Then, statistical evidence that computer games physically pacify the population, as generations are raised up used to fighting with their minds, not hands

Game players, it turned out, were no more aggressive than the control group. Whether the participants had played games before, the number of hours spent gaming, and whether they liked violent movies or not, made no difference. The researchers noted, however, that more research is still needed to assess the impact of other genres, such as shoot-’em-ups or the urban violence of “Grand Theft Auto”. All games are different, and only when more detailed studies have been carried out will it be possible to generalise about the impact of gaming.

But as Steven Johnson, a cultural critic, points out in a recent book, “Everything Bad Is Good for You” gaming is now so widespread that if it did make people more violent, it ought to be obvious. Instead, he notes, in America violent crime actually fell sharply in the 1990s, just as the use of video and computer games was taking off. Of course, it’s possible that crime would have fallen by even more over the period had America not taken up video games; still, video gaming has clearly not turned America into a more violent place than it was.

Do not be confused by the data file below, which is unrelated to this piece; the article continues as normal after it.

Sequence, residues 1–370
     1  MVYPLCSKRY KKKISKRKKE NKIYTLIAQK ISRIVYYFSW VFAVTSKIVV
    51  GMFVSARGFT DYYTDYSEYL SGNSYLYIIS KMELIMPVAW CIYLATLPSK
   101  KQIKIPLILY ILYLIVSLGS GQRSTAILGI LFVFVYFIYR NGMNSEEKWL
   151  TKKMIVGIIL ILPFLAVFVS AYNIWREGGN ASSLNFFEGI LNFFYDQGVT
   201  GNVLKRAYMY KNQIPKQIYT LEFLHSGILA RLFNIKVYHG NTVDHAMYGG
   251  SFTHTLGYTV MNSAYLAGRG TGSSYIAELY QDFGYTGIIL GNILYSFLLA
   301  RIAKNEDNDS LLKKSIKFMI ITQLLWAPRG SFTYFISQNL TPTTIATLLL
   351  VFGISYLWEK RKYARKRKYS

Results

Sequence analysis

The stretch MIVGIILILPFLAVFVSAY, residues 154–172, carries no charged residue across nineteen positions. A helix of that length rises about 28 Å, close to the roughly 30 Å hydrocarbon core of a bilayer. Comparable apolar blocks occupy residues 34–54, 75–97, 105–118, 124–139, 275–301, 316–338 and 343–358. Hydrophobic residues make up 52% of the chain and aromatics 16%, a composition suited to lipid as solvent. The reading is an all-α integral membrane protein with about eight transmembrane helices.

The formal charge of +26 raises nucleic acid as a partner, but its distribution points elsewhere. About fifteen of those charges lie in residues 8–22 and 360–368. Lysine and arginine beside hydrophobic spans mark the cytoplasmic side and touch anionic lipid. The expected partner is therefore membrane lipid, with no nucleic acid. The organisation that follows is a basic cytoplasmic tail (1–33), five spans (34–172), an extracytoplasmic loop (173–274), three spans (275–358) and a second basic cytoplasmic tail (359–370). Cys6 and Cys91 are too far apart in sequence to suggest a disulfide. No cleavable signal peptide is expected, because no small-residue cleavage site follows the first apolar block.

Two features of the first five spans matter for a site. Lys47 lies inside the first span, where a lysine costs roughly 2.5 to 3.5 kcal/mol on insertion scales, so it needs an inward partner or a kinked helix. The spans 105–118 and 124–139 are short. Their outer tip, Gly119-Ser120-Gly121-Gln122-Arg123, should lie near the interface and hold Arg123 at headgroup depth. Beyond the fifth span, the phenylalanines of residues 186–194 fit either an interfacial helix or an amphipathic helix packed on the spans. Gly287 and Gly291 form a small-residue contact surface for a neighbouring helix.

And some concrete examples of the benefits of being a Virtual Warrior

Another area where games are becoming more popular is in corporate training. In “Got Game”, a book published last year by Harvard Business School Press, John Beck and Mitchell Wade, two management consultants, argue that gaming provides excellent training for a career in business. Gamers, they write, are skilled at multi-tasking, good at making decisions and evaluating risks, flexible in the face of change and inclined to treat setbacks as chances to try again. Firms that understand and exploit this, they argue, can gain a competitive advantage.

Not that facts will stop the Puritan Left from attacking


Senator Charles Schumer (D-NY)
He Knows What Is Best For Your Children,
So You Don’t Have To